“I’m not alone, ‘cause the TV’s on, yeah. I’m not crazy, ‘cause I take the right pills every day…” blared out of the cheap, stock speakers, while I sang along in my head.
“Owen!” his mother yelled, urging him to turn it down.
His mother was right to turn down the volume as the music became distorted—a sign of damaging the speakers. However, I would have rather waited until the song had ended before yelling. Even though people consider it “uncool” to listen to a band before seeing them live, listening to the first single from Jimmy Eat World’s new CD had my blood rushing in a fury throughout my body, making my heart beat straight out of my chest. Stupid rules, such as ‘not wearing the band’s t-shirt while seeing them live‘ were thrown out the window onto Loop One as Owen and I headed downtown—the “cool”-list creators had already taken us off their list with his mother driving us, but she would only drop us off.
As I sat in the backseat, silent, his mother grilled me with question after question, in which I’d answer as briefly as possible— Who are your parents? Where do you live? What do you like to do? As harmless as they were, I still felt under interrogation. If there were a question I could answer with a mere nod and an “Uh huh,” I’d do just that. The quick pace of my beating heart had quit resulting from the loud music playing, along with the excitement of being unsupervised downtown, but from a fear I would never get over.
Talking to other kid’s parents had always been a nightmare growing up. Even through high school, I never became comfortable in any situation involving the exchange of words between them and I. Whether it be an easy, brief introduction or an all-out conversation, I’m plagued by the incessant thoughts of, ‘Hi, I’m fucking your daughter,’ or ‘You can trust me, I’m only doing drugs with your kid.’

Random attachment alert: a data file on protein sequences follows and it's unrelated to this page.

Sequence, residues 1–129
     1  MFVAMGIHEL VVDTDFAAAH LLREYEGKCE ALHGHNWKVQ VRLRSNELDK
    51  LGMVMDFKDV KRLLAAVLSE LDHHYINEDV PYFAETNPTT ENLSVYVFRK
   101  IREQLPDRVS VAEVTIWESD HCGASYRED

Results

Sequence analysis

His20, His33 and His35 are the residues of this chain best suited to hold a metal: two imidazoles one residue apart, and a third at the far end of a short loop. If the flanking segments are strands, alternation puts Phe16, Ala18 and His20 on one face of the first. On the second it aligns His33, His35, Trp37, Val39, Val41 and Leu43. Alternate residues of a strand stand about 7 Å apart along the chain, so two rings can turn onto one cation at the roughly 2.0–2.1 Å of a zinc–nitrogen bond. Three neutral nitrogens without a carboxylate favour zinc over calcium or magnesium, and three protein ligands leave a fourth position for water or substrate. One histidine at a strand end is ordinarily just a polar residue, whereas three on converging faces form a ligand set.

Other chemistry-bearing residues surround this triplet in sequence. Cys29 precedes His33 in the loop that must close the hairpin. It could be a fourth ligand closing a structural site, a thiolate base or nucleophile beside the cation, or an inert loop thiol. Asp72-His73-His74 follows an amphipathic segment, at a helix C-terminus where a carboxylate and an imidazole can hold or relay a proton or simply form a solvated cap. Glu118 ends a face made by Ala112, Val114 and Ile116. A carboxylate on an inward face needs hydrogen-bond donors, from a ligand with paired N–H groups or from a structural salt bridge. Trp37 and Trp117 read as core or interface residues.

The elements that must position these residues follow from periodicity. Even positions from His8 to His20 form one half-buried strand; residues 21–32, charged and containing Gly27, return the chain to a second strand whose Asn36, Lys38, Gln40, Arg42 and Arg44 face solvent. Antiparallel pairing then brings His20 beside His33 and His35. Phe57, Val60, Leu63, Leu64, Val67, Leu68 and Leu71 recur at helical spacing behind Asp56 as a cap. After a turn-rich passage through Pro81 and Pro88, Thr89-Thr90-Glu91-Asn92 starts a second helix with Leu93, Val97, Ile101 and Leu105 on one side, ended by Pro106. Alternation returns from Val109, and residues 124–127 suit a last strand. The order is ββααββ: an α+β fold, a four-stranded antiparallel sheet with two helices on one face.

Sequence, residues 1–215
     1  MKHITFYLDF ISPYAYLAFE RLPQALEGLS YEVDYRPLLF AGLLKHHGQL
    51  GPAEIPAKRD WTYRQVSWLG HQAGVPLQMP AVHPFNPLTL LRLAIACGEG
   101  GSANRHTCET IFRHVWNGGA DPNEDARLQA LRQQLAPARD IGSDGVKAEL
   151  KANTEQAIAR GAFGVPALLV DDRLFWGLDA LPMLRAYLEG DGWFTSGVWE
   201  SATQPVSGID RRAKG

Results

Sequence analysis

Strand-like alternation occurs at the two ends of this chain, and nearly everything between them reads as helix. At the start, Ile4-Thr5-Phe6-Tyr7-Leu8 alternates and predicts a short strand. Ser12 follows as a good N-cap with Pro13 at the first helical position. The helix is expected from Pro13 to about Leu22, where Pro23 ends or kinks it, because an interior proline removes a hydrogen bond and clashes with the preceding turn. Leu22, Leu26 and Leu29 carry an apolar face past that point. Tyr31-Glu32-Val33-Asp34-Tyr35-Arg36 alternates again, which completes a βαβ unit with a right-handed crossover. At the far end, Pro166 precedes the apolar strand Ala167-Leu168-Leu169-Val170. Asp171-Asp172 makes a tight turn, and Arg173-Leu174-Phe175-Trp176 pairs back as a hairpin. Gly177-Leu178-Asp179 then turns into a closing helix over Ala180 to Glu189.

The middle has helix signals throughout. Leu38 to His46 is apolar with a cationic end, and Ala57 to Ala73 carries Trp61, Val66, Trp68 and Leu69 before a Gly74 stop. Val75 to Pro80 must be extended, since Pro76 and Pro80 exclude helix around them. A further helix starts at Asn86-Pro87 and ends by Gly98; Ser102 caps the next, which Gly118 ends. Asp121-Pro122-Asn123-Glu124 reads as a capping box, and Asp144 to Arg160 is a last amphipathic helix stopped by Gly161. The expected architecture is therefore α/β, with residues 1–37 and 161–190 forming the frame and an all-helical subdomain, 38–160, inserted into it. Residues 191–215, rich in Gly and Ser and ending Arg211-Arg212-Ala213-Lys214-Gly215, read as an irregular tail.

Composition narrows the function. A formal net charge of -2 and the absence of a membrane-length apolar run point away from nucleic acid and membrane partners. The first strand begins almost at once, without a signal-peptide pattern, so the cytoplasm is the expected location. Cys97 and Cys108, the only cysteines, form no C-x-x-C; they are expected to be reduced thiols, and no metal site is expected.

The older I got, the more I saw how comfortable my friends could speak with other parents, even while they were stoned. It swept away the assurance of thinking all kids were like this, along with other anxiety-driven thoughts I believed I had shared. My well of loneliness grew deeper.
The moon had lit up the night sky above as we hurried inside the venue. Thanks to the barrage of questions thrown at me in the car, Owen’s mother had us cruising just below the speed limit, making us late for the opening band. I was familiar with them, having purchased their CD. But this was back when I would buy an entire album for only one song I’d listen to repeatedly.
We walked into the main stage area of Emo’s as the guitarist was wailing away on a solo that would end the song, and the set. He looked like he could be Dave Grohl’s twin. For a minute, I thought he was the long-haired frontman for the Foo Fighters; the legendary drummer of Nirvana. I screamed and jumped as high as my non-athletic, ninth grade body could jump, naively thinking he would recognize me from two years before. Foo fighters had opened for The Red Hot Chili Peppers while I was in seventh grade—another show I’d attend with Owen. They had been the first band (that I was a fan of) I’d seen live, stealing away my live show-virgin card. The disappointment that came from realizing it wasn’t him had me feeling duped; like they had tricked me. I felt like an idiot.
I let that tiny misunderstanding throw a dark cloud over the crowd while we all stood there waiting for the band we came to see.
Back then, I was not a fan of The Strokes, when they blew up in America faster than the World Trade Towers—which had happened just months before—too soon?, with their single, “Last Night.” Though, with jolts of pain being sent up to my brain, telling me to sit-the-fuck- down I couldn’t stop gazing at the crowd, especially this one guy, in particular. He had drooping eyes, like he had been born in a bong, and a mouth that would close. It was the stereotypical “stoner”-look. With that Stroke’s song playing, and this guy stoned out of his mind, I thought, This is our generation. This is My generation. I t was something I was a part of, and nobody could take that away.
As my legs were about to give, the band finally came out. It was Jimmy Eat World opening with their single we had blared in the car; a song that everyone my age could relate to… “Bleed American.”
That night, I fell in love with that band, the music, the people, the atmosphere, live shows, everything; including myself. If only I had held onto and kept that love…